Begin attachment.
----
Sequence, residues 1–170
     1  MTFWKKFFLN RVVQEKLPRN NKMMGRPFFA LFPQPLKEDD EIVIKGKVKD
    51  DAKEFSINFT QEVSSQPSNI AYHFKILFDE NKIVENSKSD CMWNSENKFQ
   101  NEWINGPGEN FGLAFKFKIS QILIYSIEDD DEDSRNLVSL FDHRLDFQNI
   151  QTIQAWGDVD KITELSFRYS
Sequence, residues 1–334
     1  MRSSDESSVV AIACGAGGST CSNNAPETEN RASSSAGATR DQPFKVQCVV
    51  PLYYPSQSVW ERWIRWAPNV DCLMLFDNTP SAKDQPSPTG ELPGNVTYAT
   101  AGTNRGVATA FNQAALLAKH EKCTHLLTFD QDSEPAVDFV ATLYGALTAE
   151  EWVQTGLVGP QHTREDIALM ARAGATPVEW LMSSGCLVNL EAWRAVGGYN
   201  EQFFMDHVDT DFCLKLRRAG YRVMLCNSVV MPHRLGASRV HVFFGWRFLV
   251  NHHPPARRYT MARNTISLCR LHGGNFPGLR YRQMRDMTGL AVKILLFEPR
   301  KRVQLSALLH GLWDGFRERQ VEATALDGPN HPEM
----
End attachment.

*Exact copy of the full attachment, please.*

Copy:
Sequence, residues 1–170
     1  MTFWKKFFLN RVVQEKLPRN NKMMGRPFFA LFPQPLKEDD EIVIKGKVKD
    51  DAKEFSINFT QEVSSQPSNI AYHFKILFDE NKIVENSKSD CMWNSENKFQ
   101  NEWINGPGEN FGLAFKFKIS QILIYSIEDD DEDSRNLVSL FDHRLDFQNI
   151  QTIQAWGDVD KITELSFRYS
Sequence, residues 1–334
     1  MRSSDESSVV AIACGAGGST CSNNAPETEN RASSSAGATR DQPFKVQCVV
    51  PLYYPSQSVW ERWIRWAPNV DCLMLFDNTP SAKDQPSPTG ELPGNVTYAT
   101  AGTNRGVATA FNQAALLAKH EKCTHLLTFD QDSEPAVDFV ATLYGALTAE
   151  EWVQTGLVGP QHTREDIALM ARAGATPVEW LMSSGCLVNL EAWRAVGGYN
   201  EQFFMDHVDT DFCLKLRRAG YRVMLCNSVV MPHRLGASRV HVFFGWRFLV
   251  NHHPPARRYT MARNTISLCR LHGGNFPGLR YRQMRDMTGL AVKILLFEPR
   301  KRVQLSALLH GLWDGFRERQ VEATALDGPN HPEM